Apple's showdown with the FBI over an alleged San Bernardino terrorist’s iPhone has been big news lately, but the company has also been involved in a similar and ongoing legal battle over a different iPhone in law enforcement’s custody in New York. This week, Judge James Orenstein ruled in favor of Apple, reported Wired.
While the case is distinct from the San Bernardino case, there are parallels. In the NY case, the government demanded that Apple disable the security lock on an iPhone 5s running iOS 7. In that case, as in San Bernardino, the government argued that the All Writs Act of 1789, a law that’s as broadly open to interpretation as its age might suggest, granted it the authority to make such a request.
Judge Orenstein, in this ruling, disagrees. Of the All Writs application, he writes that “the government posits a reading…so expansive—and in particular, in such tension with the doctrine of separation of powers—as to cast doubt on the AWA’s constitutionality if adopted.”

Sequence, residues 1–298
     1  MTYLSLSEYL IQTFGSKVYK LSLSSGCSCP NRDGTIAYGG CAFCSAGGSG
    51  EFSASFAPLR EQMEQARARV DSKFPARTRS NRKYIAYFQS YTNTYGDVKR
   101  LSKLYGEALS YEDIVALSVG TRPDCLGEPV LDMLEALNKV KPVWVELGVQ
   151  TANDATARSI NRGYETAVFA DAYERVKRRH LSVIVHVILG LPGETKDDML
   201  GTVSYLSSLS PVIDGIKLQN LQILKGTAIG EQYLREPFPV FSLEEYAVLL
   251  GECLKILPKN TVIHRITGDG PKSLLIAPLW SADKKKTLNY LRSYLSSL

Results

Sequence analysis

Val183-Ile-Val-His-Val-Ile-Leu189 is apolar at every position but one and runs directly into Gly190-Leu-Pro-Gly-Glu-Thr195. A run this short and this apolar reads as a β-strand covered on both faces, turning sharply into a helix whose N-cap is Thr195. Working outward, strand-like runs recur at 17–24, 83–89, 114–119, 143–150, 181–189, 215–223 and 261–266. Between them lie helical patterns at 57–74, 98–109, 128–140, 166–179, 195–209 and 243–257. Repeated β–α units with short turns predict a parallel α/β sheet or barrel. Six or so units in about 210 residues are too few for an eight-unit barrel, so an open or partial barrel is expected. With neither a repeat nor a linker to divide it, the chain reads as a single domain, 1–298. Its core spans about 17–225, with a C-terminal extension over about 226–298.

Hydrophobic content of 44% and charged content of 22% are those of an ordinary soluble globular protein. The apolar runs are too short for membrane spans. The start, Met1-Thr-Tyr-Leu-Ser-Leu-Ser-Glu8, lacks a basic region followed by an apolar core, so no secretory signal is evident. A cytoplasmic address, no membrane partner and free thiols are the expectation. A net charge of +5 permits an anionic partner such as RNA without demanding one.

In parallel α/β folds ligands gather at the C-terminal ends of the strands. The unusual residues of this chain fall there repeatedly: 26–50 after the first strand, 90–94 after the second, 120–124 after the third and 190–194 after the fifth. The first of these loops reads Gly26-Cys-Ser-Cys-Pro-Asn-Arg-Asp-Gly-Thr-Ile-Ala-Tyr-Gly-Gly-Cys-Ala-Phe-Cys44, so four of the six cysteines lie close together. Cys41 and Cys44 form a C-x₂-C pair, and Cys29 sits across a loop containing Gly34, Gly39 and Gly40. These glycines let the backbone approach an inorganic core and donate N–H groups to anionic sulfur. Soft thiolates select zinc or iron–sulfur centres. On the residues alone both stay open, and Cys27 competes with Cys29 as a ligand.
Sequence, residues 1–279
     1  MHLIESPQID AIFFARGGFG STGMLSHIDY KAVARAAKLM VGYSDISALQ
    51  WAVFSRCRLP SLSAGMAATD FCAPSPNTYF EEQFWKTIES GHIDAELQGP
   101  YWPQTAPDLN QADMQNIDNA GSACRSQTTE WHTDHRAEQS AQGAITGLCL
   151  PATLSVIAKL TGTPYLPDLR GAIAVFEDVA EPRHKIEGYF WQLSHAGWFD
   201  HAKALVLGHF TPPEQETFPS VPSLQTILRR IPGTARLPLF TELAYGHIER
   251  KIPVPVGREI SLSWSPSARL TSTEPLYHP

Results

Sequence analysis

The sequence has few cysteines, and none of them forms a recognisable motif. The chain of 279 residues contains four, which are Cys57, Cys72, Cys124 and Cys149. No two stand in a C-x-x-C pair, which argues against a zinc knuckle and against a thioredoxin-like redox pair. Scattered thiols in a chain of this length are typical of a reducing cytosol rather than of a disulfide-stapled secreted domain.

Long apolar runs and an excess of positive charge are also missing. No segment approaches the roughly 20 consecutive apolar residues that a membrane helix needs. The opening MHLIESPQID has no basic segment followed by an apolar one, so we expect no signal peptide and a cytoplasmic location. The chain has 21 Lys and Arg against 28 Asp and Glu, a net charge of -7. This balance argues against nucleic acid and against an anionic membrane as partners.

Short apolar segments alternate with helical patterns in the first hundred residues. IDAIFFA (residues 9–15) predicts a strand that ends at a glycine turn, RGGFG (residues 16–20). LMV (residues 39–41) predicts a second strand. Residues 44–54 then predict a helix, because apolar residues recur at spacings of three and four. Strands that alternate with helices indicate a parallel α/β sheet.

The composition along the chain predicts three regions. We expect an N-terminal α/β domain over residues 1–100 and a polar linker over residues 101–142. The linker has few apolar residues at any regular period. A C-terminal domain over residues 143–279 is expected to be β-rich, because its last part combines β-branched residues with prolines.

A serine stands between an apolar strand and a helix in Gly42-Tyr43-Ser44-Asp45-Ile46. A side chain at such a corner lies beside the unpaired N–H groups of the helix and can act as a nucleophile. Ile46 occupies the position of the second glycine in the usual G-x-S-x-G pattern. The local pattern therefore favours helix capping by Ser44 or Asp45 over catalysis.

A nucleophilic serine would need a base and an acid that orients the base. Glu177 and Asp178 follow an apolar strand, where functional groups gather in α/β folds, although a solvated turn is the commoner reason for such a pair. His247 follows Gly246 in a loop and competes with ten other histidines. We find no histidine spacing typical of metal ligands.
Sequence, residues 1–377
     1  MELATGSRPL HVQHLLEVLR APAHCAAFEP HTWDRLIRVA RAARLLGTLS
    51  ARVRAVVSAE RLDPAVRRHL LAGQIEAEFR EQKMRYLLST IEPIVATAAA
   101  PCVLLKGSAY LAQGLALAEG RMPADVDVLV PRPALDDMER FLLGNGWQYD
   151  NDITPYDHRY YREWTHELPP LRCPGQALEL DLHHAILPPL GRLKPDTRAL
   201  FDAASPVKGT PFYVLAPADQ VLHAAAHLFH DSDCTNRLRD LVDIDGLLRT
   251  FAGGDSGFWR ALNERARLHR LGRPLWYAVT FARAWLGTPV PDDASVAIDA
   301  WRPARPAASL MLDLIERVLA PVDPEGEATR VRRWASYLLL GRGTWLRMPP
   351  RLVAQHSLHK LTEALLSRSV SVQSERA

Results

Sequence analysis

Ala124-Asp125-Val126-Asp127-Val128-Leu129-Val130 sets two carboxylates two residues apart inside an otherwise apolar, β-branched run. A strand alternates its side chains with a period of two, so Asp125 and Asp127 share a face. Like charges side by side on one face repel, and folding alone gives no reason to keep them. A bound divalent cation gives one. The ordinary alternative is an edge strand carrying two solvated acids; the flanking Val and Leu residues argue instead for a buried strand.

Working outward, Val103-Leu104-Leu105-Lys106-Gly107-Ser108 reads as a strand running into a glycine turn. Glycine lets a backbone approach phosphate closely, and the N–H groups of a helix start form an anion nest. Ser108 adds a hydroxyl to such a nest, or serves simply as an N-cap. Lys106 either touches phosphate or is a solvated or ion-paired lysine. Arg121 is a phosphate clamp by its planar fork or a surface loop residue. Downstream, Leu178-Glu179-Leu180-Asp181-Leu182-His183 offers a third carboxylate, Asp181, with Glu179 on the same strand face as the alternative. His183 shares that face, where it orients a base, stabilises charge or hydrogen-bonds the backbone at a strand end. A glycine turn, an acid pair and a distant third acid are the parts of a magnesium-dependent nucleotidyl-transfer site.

Noting that Apple has been ordered under the authority of the All Writs Act to bypass the security of not one but 12 total devices, Orenstein rejects the argument that the All Writs act can be used as a “gap filler” that allows law enforcement to plug in powers that Congress has not yet granted or explicitly denied.
“In particular, unlike the government, Apple contends that a court order that accomplishes something Congress has considered but declined to adopt—albeit without explicitly or implicitly prohibiting it—is not agreeable to the usages and principles of law,” writes Orenstein, in reference to Apple’s argument that the Obama administration and Congress had previously passed on the opportunity to create laws around encryption. It’s also another nudge to Congress that it may be time for those laws to exist.
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